Marlon Bundo

Someone had to do it. Well, not really HAD to do it but I WANTED to do it: review A Day in the Life of Marlon Bundo. Written by Jill Twiss (with a co-writing credit to the star of the book) and illustrated by E. G. Keller, which is a pseudonym for illustrator, Gerald Kelley.

I wanted to review this book for the phenomena it is. It was conceived as a ‘parody’ of the—at the time— upcoming book by the wife and daughter of vice president Mike Pence, Marlon Bundo’s A Day in the Life of the Vice President. Their story about their real-life pet, Marlon Bundo, a rabbit and his forays in a (yawn) day in the life of the vice president.

The idea for the parody book came from the minds of John Oliver and his staff (which includes Jill Twiss) at Last Week Tonight, a humorous cable news/opinion show. Because Vice president Mike Pence has many times expressed anti-LGBT sentiment and worked towards anti-LGBT legislation, making his rabbit gay probably seemed automatic.

As well as having him falling in love with another boy rabbit. And wanting to get married. And having a stink bug, that looks an awful lot like the vice president, adamantly and angrily tell them they can’t.

Fortunately, all the animals realized that they did not have to accept that the Stink Bug was in charge and they vote him out.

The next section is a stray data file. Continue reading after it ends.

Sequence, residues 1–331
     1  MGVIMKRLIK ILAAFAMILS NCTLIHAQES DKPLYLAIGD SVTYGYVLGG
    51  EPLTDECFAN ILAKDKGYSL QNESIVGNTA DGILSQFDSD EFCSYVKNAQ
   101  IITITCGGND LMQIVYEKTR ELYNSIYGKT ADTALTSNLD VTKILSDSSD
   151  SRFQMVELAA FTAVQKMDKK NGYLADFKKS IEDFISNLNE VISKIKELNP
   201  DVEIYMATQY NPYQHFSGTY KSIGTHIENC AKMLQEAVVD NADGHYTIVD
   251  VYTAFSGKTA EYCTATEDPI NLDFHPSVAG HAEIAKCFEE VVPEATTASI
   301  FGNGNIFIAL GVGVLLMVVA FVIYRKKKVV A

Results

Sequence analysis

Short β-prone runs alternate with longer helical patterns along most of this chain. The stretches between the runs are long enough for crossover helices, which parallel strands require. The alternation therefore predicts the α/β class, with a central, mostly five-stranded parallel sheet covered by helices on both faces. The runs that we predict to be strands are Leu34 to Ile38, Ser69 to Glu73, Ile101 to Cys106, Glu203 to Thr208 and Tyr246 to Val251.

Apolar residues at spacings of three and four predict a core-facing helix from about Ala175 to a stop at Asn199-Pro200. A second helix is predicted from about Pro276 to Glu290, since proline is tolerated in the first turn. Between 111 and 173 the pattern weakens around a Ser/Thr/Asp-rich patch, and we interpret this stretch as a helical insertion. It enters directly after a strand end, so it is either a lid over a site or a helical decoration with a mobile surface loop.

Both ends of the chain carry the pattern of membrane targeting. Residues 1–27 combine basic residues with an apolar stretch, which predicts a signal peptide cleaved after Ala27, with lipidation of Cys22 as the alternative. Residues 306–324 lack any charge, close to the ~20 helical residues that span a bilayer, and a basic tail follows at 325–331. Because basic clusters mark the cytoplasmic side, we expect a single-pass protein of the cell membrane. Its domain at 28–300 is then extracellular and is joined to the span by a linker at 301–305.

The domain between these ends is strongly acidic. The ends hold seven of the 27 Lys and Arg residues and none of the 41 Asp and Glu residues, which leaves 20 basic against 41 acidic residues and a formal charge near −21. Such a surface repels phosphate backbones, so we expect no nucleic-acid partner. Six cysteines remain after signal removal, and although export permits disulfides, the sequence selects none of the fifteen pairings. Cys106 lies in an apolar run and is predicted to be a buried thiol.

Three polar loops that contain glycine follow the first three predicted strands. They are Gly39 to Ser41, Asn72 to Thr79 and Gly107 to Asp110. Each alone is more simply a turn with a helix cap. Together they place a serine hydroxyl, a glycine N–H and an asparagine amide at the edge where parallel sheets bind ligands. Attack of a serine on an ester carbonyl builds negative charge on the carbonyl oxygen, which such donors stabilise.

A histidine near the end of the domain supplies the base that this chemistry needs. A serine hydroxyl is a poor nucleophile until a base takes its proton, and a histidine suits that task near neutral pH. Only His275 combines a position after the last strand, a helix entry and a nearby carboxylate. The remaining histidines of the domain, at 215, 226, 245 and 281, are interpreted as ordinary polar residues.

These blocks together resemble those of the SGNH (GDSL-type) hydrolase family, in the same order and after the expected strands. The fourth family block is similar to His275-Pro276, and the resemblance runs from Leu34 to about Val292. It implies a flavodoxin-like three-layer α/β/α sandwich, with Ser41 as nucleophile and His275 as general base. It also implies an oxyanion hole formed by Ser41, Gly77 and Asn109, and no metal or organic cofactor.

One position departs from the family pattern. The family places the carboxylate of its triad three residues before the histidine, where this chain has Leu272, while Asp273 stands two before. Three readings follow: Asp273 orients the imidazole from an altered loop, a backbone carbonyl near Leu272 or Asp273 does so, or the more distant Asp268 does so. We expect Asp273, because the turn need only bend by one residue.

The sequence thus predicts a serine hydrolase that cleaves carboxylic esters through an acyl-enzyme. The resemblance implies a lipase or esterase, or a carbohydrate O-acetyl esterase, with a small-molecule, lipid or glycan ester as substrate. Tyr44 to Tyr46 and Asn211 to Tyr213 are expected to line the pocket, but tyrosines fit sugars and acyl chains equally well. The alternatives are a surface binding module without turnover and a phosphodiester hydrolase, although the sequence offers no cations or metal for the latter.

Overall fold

The story is not what I would consider a straight-away parody of the Pences’ book. It doesn’t really follow their book. Instead, as Oliver said, he wanted to annoy the homophobic vice president. It is pretty predictable and is told succinctly. And despite its gentle jabs at Pence, it is a book about loving. And it shines a light on inclusivity and acceptance and with no tolerance for the flip side.
Keller’s (Kelley’s) watercolor (?) illustrations are soft at times and explosive and expressive at other times. I am charmed by all the characters—even the Pence-like Stink Bug.)

The book was announced on Last Week Tonight in March and was immediately available for order online. A full day before the Pences’ book would come out, er…launch. (No coming out in their book.) And it sold out immediately. 180,000 copies if I remember right. I know it was hard for independent bookstores to get the book in stock with the first run, but within five days Chronicle had ordered another printing of 400,000. ALL Proceeds from A Day in the Life of Marlon Bundo go to The Trevor Project and AIDS United.

I know this is a book with built in PR and hype and there is a tendency to poopoo efforts to cash in on current trends or events, but I think A Day in the Life of Marlon Bundo stands as a valuable and entertaining addition to any library. (Lord knows I’d love some built in PR and hype!)

It even got some nice blurbs…

kevan atteberry

13 Comments:

  1. I too am not a fan of the celebrity cash-in… especially when the rest of us are going through the 2-year process. But…I guess the idea that another celebrity can cash in on the original is somehow appropriate. As to the book – Love it! And the blurbs are great!

  2. I certainly have a few friends I want to share this with! Thanks, Kevan.